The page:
Located close to the Spanish border in the centre of Portugal, Monsanto is generally considered to be the most typical and picturesque of all Portugal’s prized villages.
Once described rather poetically as an island in the sky, it was first colonised by the Lusitanians and then by the Romans but never taken by assault in the course of countless sieges, thanks largely to its privileged and somewhat isolated setting at an altitude of 758 metres, just 10 km north-east of the historic town of Idanha-a-Velha.
Monsanto is a place where nothing ever really changes and time just seems to stand completely still. The village is one of the main features of a vast panorama incorporating Castelo Branco and the Estrela Mountains over which Lucan’s Tower has rung out the hours in exactly the same way for centuries.
With its huddle of steep, granite-paved streets and hobbit-sized houses hewn out of the rock, the origins of this ancient and altogether extraordinary place date from prehistory when it was linked with pagan rituals. In 1165, Portugal’s first king, Afonso Henriques, handed it over to Gualdim Pais, master of the Knights Templar, who built the village’s impregnable castle.
When the Romans tried to overcome Monsanto, the townsfolk hurled a fat calf over the walls to successfully trick the marauding soldiers into thinking the village was well-stocked with food and its inhabitants would never be starved into capitulation.
On account of this courageous feat of arms, the town was granted permission by King Manuel I to place on its arms an imperial eagle, as well as the armillary sphere. This momentous event is still celebrated every year with great fervour in early May during the Festa das Cruzes, when young girls dressed in pure white climb to the top of the castle and throw a calf made of roses and jars of flowers over its lofty walls.
Visible from miles around, Monsanto’s formidable stone fortress has been significantly strengthened and embellished over the years, first by King Sancho I who drove the Moors out of the area in the 12th century and later by King Dinis. Just below the castle stands the relic of the chapel of São Miguel, a roofless Romanesque church which dates back to the 13th century.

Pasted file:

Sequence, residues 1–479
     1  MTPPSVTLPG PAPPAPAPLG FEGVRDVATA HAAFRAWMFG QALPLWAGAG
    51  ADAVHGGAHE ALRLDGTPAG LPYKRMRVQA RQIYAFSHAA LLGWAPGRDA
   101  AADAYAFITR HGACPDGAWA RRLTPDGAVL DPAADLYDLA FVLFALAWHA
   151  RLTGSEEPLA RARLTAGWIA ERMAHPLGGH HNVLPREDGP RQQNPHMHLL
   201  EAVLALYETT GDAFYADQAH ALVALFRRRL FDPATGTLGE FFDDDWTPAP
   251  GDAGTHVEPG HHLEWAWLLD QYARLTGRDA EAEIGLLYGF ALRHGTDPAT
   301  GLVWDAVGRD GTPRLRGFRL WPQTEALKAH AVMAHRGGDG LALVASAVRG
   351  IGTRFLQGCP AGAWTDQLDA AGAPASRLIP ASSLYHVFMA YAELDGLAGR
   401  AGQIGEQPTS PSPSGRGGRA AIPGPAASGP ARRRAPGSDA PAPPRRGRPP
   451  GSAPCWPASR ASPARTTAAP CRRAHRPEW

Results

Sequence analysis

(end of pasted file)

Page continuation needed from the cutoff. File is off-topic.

The landscape around Monsanto (indicated on the Google map below) is carpeted with the ilex and asphodels that cover the great plateau of Castile in neighbouring Spain, and the drive south-west to Idanha-a-Velha is an absolutely delightful one. Full of history and certainly not to be missed, the Idanha itself was once a Celtic village, then the Roman Egitania, and later the birthplace of Wamba, a Visigothic king.
Carrying on in the same direction brings you to Castelo Branco, one of the loveliest cities in the country. With its broad avenues, large squares and attractive parks and gardens, it is a very good base from which to explore Monsanto and the border regions of central Portugal.
Monsanto is also within striking distance of Serra da Estrela, the highest mountain on mainland Portugal and centrepiece of a 100,000-hectare area of protected parkland incorporating the towns of Seia, Gouveia, Covilhã, Manteigas, Celorico da Beira and Guarda. Representing a natural barrier between northern and southern Portugal, Serra da Estrela is a land of sheep rearing, wheat farming and production of one of Portugal’s most popular cheeses.